After that, another typical meeting I’ll have is a co-founders and direct reports meeting, which is a gathering of executive team members across all departments in the company. We talk about long-lead stuff, whether it’s budgets or different kinds of category launches, internal cultural things, events, company priorities, what we’re dedicating ourselves to, and how we’re talking about things.
On how she stays confident about the many decisions she’s asked to make every day:
There is so much on the line when you’re running a company and you feel accountable to hundreds of people, to millions of readers and users. It’s a constant struggle to not be impulsive with decision-making, but also trust your gut and make a call on something when you have to. You want to be diplomatic and you want to make certain decisions and close loops. You have to trust yourself. You have to make sure that you’re talking to the right people to make sure they’re feeling included.
On how her role has changed since she started Refinery29 in 2005:
As a co-founder, I’ve evolved in parallel with the company and its needs. I used to edit every piece of content that went up, but now we’re making upward of 100 stories a day. I really make sure that when I’m needed, I’m available to our editors, in terms of giving them support or guidance. The industry is changing so quickly so it’s important to encourage adaptability. You want to be thoughtful and make meaningful changes but it can be kind of energy-draining if you spend too much time laboring over certain decisions. I help people to make really decisive decisions about how to best move forward.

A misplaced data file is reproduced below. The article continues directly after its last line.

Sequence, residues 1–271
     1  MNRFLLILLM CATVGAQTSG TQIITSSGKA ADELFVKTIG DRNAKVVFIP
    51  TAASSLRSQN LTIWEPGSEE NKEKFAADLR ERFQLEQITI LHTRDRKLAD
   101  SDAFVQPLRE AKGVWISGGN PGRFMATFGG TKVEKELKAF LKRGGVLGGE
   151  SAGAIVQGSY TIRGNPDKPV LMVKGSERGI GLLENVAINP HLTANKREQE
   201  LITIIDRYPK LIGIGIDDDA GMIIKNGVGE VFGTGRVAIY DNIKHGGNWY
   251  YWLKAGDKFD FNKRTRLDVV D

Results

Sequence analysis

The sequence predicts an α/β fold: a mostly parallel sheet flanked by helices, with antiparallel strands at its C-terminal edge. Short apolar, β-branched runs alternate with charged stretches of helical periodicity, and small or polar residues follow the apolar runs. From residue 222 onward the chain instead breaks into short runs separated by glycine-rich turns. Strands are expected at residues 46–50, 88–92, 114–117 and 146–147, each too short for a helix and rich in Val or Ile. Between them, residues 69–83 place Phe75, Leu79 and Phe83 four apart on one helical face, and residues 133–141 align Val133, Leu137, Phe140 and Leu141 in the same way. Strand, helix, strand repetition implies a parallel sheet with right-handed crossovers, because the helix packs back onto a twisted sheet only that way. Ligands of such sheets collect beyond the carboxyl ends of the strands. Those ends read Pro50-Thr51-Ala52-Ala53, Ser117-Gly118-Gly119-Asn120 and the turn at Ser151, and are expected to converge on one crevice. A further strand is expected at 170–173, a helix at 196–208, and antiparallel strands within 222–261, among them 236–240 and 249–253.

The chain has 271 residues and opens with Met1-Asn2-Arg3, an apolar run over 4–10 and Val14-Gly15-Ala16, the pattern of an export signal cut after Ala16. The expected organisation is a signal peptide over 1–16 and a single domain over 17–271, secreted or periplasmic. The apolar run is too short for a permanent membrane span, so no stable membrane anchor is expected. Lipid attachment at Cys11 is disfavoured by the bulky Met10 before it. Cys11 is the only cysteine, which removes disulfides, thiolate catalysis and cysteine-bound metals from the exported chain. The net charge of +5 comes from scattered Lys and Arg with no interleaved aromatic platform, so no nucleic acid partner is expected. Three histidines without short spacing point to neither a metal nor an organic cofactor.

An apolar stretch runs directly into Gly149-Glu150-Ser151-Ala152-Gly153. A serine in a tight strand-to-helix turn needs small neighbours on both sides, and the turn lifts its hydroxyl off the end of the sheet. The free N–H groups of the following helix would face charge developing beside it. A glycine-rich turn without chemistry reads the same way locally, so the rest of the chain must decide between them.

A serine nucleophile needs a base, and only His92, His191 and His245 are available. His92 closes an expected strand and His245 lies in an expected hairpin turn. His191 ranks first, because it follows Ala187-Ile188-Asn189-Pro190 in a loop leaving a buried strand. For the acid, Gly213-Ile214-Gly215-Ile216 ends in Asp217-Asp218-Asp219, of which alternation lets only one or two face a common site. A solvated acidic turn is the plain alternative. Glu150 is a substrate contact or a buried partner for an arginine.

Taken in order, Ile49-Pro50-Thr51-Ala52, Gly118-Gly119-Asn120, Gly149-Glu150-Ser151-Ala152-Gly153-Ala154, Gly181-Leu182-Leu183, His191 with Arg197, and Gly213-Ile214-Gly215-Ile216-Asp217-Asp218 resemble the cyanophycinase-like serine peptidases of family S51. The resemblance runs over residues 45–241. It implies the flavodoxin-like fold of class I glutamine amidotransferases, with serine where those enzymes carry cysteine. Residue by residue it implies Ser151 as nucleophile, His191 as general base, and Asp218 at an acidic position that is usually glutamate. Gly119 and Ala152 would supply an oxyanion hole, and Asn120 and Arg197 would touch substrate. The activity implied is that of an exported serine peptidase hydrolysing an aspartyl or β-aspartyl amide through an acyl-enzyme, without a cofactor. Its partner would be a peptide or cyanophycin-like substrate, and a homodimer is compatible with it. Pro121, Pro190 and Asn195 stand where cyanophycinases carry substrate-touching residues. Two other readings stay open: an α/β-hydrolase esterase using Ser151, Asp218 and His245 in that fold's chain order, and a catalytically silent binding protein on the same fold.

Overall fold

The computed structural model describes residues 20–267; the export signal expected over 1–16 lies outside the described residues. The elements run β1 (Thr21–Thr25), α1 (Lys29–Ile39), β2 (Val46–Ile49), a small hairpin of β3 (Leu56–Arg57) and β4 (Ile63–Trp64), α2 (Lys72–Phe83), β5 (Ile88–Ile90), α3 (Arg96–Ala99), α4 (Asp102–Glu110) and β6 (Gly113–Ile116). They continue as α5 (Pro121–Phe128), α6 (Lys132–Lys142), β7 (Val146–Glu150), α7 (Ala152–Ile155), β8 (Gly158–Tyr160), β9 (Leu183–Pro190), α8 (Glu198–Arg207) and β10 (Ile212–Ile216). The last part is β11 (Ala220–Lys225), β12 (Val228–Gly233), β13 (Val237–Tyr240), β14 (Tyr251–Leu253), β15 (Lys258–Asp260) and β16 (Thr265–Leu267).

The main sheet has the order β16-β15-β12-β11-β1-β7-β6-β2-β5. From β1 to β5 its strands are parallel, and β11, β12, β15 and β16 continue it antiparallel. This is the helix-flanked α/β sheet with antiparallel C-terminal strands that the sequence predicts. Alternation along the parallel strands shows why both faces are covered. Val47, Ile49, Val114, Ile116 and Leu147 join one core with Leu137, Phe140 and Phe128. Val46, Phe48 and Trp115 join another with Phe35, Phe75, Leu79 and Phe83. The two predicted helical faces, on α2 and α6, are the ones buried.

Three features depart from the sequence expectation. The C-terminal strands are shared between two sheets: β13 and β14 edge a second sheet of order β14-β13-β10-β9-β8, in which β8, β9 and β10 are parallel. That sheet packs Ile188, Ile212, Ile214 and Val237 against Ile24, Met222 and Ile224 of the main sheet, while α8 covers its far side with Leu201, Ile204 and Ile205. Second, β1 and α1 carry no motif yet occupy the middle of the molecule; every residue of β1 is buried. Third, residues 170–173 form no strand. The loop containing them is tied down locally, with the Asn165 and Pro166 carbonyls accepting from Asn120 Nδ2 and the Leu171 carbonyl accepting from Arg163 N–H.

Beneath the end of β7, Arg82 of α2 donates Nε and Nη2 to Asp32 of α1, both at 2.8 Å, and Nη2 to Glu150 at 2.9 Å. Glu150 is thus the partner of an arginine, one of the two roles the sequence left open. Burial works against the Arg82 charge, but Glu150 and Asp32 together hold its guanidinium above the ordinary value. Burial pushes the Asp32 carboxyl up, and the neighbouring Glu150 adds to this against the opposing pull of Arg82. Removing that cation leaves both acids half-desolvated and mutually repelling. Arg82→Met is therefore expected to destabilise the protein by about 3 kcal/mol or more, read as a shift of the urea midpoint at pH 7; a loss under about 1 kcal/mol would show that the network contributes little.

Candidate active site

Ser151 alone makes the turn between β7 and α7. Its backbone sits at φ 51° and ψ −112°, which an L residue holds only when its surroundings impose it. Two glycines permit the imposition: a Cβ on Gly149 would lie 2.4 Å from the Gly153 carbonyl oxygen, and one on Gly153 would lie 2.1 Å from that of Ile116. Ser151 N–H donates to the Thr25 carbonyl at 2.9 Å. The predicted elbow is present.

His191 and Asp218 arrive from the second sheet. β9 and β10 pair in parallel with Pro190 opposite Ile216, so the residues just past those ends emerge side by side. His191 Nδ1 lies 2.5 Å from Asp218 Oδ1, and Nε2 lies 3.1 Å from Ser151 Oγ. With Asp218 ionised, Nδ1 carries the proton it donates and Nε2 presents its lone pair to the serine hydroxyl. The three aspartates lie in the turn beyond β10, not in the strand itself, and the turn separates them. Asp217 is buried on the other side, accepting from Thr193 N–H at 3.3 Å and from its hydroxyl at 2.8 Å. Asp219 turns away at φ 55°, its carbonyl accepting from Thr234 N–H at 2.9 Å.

On her “boring” desk lunch and how she powers through her afternoons (without coffee):
I usually eat at my desk, which I know is really boring and not healthy but it’s pretty efficient. I usually eat the same lunch every day: a kale salad and a Mother Earth green juice. As long as it’s gluten free and moderately healthy, it’s fine. Then we go back to more meetings. I’ve been doing a lot of speaking engagements lately, so usually I’ll work in the afternoon on prepping questions. I’m generally doing one or two speaking things a month. Also right now we’re in the next season of UnStyled podcast. We’re working on the lineup of guests for season two and that takes an hour here and there.
I don’t drink coffee after 10 a.m. I like to have some Kusmi green tea in the afternoon. It doesn’t make me feel hyper or anything, and tea is good when I have to write and think about language and be decisive in putting together questions and points of view. Then between around four and six, I’ll go to show appointments. I try to push all my appointments to the end of the day; otherwise I lose so much momentum on catching up on paperwork and important meetings.
On the obsessive journaling habit that she’s kept up since she was 18: